Against this background, producer prices in the manufacturing sector have once again increased significantly, having already risen sharply since spring 2021. In the USA and the euro zone they were around 9.8% and 11.7% higher respectively in January than a year earlier. Consumer price inflation also picked up again, having already risen sharply in many places during 2021. In the United States, inflation – which there was also fueled by noticeable fiscal stimulus in 2021 in addition to high raw material prices and price increases due to supply bottlenecks – climbed to 7.9% in February. Inflation in the euro zone also increased significantly to 5.8% most recently.

Compared with the previous year, most of the price increase was due in particular to the dramatically higher oil price. However, core inflation (inflation excluding energy and food prices) was also noticeably higher in February, particularly in the USA. In the United States, it was 6.4% year-on-year in February; in the euro zone, 2.7%. Inflation is not expected to fall rapidly; in fact, it is likely to rise in the course of the spring before rates are expected to decline gradually in view of weakening raw material prices and weakening economic momentum. The current supply bottlenecks should also be gradually overcome in the course of the year.

Difficult balancing act for monetary and fiscal policy

In view of high inflation and the gloomy economic outlook, central banks are faced with a dilemma similar to that previously encountered in the wake of the two oil price shocks in 1973 and 1979. The economic outlook, which was still quite favorable at the beginning of the year before the war in Ukraine, led central banks in most advanced economies to hold out the prospect of gradually less expansionary monetary policy for the current year in view of higher inflation. Central banks in the United Kingdom and South Korea have already decided to raise key interest rates for the first time in 2021. Central banks in Norway and various countries in Central and Eastern Europe have also taken their first interest rate steps in 2021. The U.S. Federal Reserve has now raised its key interest rates by a quarter of a percentage point for the first time since December 2018, following the outbreak of war in March 2022, and has also announced that it intends to begin the process of gradually reducing its balance sheet from the summer. The European Central Bank has also already taken a slightly less expansionary course. It phased out its securities purchases under the emergency purchase program launched at the start of the pandemic in March. At the same time, it temporarily increased its general securities purchase program to EUR 40 billion per month, but is expected to phase this out next summer. An increase in key interest rates is expected towards the end of the current year. However, inflation in both the USA and the euro zone is not expected to fall gradually toward the central banks’ two percent target until 2023.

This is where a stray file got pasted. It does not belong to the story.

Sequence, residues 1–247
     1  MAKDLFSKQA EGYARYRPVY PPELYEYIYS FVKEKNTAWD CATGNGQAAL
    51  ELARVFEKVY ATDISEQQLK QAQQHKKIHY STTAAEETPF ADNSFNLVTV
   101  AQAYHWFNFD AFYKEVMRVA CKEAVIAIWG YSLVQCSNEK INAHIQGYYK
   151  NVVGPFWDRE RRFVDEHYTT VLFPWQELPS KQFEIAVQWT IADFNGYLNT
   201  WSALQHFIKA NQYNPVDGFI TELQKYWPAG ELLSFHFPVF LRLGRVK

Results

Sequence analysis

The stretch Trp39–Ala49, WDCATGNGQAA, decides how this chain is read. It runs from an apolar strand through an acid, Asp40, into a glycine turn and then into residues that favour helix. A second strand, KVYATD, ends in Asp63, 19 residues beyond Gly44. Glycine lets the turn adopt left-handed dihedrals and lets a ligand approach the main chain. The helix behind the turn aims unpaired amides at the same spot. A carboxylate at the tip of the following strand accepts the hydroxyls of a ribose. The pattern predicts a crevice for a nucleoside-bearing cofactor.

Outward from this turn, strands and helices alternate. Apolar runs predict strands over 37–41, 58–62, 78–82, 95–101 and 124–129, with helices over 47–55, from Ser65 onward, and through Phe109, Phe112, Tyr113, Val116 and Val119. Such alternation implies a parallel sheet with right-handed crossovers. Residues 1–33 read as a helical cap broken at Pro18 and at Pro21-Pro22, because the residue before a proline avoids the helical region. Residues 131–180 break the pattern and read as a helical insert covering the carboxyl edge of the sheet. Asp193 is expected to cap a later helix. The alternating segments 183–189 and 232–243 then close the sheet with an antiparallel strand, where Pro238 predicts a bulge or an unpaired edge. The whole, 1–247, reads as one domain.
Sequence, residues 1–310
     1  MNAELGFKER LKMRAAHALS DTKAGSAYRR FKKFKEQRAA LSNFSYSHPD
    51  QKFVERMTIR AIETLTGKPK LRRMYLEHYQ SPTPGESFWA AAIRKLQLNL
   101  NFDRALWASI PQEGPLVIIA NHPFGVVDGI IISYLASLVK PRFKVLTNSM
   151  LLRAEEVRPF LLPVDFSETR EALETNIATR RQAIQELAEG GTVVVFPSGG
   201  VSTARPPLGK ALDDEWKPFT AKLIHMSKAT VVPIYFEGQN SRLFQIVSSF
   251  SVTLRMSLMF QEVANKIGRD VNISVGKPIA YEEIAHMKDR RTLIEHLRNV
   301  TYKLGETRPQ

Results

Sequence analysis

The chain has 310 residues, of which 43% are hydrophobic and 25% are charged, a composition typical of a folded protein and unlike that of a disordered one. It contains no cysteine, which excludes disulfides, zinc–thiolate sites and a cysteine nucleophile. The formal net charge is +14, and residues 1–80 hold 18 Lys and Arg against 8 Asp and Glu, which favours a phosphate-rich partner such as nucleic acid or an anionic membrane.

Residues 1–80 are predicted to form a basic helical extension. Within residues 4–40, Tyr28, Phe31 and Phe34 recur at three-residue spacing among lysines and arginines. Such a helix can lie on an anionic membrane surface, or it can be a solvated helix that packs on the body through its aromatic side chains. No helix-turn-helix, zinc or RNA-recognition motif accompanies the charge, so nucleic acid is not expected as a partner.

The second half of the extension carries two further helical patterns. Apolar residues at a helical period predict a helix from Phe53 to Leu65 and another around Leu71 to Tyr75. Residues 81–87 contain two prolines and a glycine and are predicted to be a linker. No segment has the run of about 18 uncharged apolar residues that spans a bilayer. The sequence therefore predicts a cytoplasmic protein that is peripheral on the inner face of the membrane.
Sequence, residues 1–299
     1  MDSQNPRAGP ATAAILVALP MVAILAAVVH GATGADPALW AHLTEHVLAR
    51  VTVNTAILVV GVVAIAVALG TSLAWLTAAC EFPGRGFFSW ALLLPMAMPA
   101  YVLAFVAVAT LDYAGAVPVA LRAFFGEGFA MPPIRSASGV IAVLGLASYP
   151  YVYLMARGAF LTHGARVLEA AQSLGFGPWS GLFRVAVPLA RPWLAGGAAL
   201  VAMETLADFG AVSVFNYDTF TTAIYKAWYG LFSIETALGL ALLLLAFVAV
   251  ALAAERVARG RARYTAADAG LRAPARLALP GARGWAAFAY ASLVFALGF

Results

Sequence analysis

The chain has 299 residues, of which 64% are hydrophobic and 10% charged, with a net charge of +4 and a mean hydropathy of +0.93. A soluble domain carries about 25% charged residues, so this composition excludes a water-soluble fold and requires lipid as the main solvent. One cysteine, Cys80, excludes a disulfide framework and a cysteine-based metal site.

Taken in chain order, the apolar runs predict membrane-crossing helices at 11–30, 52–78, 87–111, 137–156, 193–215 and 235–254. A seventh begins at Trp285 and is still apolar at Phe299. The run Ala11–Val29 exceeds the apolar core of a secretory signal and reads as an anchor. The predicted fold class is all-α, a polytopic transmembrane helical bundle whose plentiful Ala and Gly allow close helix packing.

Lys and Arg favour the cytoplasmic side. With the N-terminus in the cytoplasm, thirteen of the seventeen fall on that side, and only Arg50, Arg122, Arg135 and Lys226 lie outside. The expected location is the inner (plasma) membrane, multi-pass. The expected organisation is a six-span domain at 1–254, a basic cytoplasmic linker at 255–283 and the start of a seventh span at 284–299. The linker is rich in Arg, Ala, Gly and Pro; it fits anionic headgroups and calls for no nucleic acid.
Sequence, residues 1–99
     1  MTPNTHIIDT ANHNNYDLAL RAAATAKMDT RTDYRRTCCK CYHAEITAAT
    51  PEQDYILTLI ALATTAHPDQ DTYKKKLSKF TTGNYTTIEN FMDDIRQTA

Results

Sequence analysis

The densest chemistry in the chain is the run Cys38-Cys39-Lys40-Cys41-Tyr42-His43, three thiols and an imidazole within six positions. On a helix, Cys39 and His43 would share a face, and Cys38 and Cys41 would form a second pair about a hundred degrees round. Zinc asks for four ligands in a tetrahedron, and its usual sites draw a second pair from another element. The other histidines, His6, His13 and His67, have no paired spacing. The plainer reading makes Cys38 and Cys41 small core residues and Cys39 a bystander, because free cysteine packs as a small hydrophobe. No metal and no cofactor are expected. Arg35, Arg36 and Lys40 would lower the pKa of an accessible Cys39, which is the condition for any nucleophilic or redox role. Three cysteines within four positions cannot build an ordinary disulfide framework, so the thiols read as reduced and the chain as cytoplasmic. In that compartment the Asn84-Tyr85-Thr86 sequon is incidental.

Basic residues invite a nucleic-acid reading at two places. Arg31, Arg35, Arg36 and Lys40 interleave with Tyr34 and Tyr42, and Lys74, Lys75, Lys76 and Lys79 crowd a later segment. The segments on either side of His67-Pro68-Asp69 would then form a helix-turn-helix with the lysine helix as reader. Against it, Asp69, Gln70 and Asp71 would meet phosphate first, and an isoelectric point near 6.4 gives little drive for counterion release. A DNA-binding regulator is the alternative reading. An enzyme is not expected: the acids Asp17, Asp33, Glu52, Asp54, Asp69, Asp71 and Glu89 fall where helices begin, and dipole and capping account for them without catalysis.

In Japan, inflationary pressures have also become somewhat higher, but they remain low compared with other advanced economies, so monetary policy is not expected to tighten until towards the end of the forecast period. In various emerging economies, such as Turkey, Brazil and Russia, inflation rates have skyrocketed, in some cases dramatically, and key interest rates have already been raised significantly.

After governments had mitigated the economic consequences of the pandemic and the measures taken to combat it by means of expansive fiscal policies in the advanced economies – and to a lesser extent also in many emerging economies – in 2020 and 2021 through extensive additional spending and tax deferrals, no new economic stimulus measures are expected in this respect in the current year. However, in view of the war and higher energy and food prices, measures are likely to be taken in various countries to mitigate the impact on low- and middle-income households, for example. Several countries are also likely to see higher defense spending and accelerated energy restructuring in the medium term, which should result in deficits remaining elevated in many advanced economies.

In emerging economies, budget deficits, which have risen sharply since the pandemic, are being reduced only slowly despite the gradual economic recovery, although longer-term spending programs have often been put in place, as in advanced economies, aimed primarily at strengthening infrastructure.

Outlook: Slowdown in recovery accompanied by high inflation

The war in Ukraine and the extensive sanctions against Russia have noticeably clouded the global economic outlook. While household purchasing power is being reduced by high energy prices, high geopolitical uncertainty is likely to reduce companies’ propensity to invest. In addition, continuing supply chain problems will repeatedly lead to production delays in industry. The economy will therefore only grow slightly or stagnate in many places in the first half of 2022.

By contrast, positive impetus will come from the recovery as a result of the lifting of pandemic-related restrictions on social life. Most existing restrictions will be lifted or replaced by less far-reaching requirements by the start of the second quarter. Individual behavioral adjustments to avoid infection will also be significantly lower. In emerging markets, where vaccination campaigns to date may have used less effective vaccines, somewhat slower success in pandemic control can be expected. But even there, the remaining restrictions are likely to only marginally limit economic activity. China, on the other hand, is likely to continue to adhere to a much stronger containment policy than other countries, which is likely to repeatedly lead to the sealing off of entire cities and closures of factories or port facilities. This will help keep problems with international supply chains high through at least the first half of 2022.